Hello! Want to try out new recipes and cook together with other people in SE++?
Because my friends group is not at all interested in the culinary arts, and a lot of people on these forums are (or want to be), I figured this would be a great place to run a cookbook/recipe club. We don't get to sample each others' cooking, but since we'll all make the same (or similar) dish, it'll be like
we're eating together!
The process is as follows:
a) We choose a dish to make
b) Discuss alterations/substitutions
c) Make the recipe, discussing thoughts about the dish, posting pics, rating the recipe(s), etc.
I figured we can do this on a weekly basis. It won't be super formal or require signups. We can coordinate for cooking/posting on a particular evening (Saturday?) but if you make it earlier or later than that particular day, that's more than fine too. 46th COOKALONG
This week's writeup is by @Fearghaill
Okonomyaki! The name translates roughly to “what you like, grilled” and while there is a traditional recipe the spirit of the dish is to start from there and add whatever you want.
In it’s most basic form it’s a vegetable pancake, usually made with cabbage and green onion, often with thinly sliced bacon or pork belly cooked into one side and then covered in one or more sauces and other toppings.https://youtu.be/cUYSGojUuAU
First, the recipes:
I want a traditional recipe, but I might not be able to find all the ingredients so suggestions on substitutions would be good too.Okonomiyaki World is a fantastic resource dedicated to the dish and its many variations. They also have a page detailing all the ingredients, common brands/packaging for each, and recommended substitutions.J. Kenji Lopez-Alt’s recipe from Serious Eats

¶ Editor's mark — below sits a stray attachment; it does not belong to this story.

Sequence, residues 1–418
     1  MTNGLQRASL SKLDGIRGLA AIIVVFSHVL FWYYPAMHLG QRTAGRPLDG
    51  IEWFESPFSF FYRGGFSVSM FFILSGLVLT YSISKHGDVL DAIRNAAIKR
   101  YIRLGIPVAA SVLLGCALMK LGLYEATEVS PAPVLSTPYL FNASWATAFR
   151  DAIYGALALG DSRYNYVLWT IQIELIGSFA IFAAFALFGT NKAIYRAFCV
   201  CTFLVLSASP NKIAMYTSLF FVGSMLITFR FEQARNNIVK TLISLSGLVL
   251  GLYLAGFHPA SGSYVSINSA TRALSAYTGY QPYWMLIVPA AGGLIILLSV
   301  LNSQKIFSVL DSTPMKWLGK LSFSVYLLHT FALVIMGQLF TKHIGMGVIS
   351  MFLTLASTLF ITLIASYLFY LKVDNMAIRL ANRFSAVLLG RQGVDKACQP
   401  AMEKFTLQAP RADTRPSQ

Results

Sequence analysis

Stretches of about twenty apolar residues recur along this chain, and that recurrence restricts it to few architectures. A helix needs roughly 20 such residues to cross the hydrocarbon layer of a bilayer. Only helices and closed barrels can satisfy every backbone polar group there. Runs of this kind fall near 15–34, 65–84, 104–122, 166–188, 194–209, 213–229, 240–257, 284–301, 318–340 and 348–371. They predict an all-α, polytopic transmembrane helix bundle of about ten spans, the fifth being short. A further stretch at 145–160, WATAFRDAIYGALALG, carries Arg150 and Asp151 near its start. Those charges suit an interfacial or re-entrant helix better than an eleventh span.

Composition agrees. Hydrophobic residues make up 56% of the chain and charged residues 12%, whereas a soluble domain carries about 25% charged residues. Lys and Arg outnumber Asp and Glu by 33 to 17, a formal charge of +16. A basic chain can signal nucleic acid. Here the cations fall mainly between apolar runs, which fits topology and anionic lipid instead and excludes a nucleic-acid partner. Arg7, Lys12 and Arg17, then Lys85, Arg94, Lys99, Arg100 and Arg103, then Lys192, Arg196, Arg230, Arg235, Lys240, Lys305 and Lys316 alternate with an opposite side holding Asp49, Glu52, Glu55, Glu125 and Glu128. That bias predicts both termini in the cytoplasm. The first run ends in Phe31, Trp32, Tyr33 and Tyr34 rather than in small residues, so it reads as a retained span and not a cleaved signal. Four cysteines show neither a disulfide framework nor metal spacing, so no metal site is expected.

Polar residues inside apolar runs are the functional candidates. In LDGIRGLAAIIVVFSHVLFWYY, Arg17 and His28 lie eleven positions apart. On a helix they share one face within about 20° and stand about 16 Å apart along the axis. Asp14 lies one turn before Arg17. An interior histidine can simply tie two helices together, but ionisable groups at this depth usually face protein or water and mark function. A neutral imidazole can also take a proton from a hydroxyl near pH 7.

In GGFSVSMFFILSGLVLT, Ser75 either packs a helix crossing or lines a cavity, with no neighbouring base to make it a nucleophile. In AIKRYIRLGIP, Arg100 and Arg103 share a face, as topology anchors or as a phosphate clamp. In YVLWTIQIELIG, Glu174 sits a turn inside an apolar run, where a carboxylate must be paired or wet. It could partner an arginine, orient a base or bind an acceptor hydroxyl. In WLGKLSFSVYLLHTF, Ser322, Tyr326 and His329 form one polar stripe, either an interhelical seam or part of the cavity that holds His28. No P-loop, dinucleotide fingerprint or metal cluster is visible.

I still want to stay traditional, but do you have anything with a video demonstration?
I have two:Binging with Babish’s Okonomiyaki from Sweetness & LightningJoshua Weissman’s Okonomiyaki (with shrimp)
A good recipe for someone looking for something a little bit more basic:Budget Bytes' Savory Cabbage Pancakes (Okonomiyaki)
Ultimately though the fun of making okonomiyaki is putting your own spin on it. Don’t like or eat pork? I’ve done it with thinly sliced steak, either cooked into the surface, or cooked separately and used as a topping after. Don’t want to eat meat at all? I made a version last week that used shredded king oyster mushrooms instead. You can even just make it as a veggie pancake without anything else and that’s potentially delicious too!
A few things I’ve learned cooking and experimenting with this over the years:You don’t really need to cook the bacon in the pancake.
Getting a greasy bit of meat to stick to battered vegetables is not always easy, and it can feel very disappointing to have the bacon come loose as you try to flip it. It certainly looks neat when you manage it, but there’s no shame in cooking the bacon first, then the pancake (in the same pan, use that bacon fat) and then laying the bacon on top after. As a bonus, the bacon cooks on both sides and you get the full crispy surface of the pancake without the bacon in the way.When adding different ingredients to the batter, consider moisture levels.
Some vegetables release a lot of moisture when they cook, which can result in a soggy pancake if you don’t plan for it. Some things like mushrooms I’ll cook first to get some of the water out before adding it to the batter, while with stuff like zucchini I may reduce the liquid ingredients a bit to balance what the zucchini will add.
Thank you, Fearghaill, for the wonderful writeup!DATE
Saturday, December 12
Want to join in? Have suggestions for the next cookalong? Chime in below!
Next few weeks:
Some dishes on the eventual to do list: mussels, tourtière, lobster bisque, paella, _ wellington, brisket, aspic???, scallion pancakes, groundnut soup, souffle, jollof rice, pasta, kugel, red beans and rice, congee, succotash, fish pie, stir fry